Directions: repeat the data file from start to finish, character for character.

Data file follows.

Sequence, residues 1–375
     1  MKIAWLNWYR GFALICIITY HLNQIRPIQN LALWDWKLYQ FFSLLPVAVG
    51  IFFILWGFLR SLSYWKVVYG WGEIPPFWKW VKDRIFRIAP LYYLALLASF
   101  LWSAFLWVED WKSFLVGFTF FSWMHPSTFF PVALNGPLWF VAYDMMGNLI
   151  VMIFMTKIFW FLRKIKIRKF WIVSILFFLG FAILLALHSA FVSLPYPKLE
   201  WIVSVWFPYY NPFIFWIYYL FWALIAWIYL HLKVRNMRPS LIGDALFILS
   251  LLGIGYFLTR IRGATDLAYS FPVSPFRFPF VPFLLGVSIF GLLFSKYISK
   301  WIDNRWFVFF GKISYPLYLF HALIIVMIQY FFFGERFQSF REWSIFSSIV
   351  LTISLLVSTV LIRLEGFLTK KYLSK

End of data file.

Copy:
Sequence, residues 1–375
     1  MKIAWLNWYR GFALICIITY HLNQIRPIQN LALWDWKLYQ FFSLLPVAVG
    51  IFFILWGFLR SLSYWKVVYG WGEIPPFWKW VKDRIFRIAP LYYLALLASF
   101  LWSAFLWVED WKSFLVGFTF FSWMHPSTFF PVALNGPLWF VAYDMMGNLI
   151  VMIFMTKIFW FLRKIKIRKF WIVSILFFLG FAILLALHSA FVSLPYPKLE
   201  WIVSVWFPYY NPFIFWIYYL FWALIAWIYL HLKVRNMRPS LIGDALFILS
   251  LLGIGYFLTR IRGATDLAYS FPVSPFRFPF VPFLLGVSIF GLLFSKYISK
   301  WIDNRWFVFF GKISYPLYLF HALIIVMIQY FFFGERFQSF REWSIFSSIV
   351  LTISLLVSTV LIRLEGFLTK KYLSK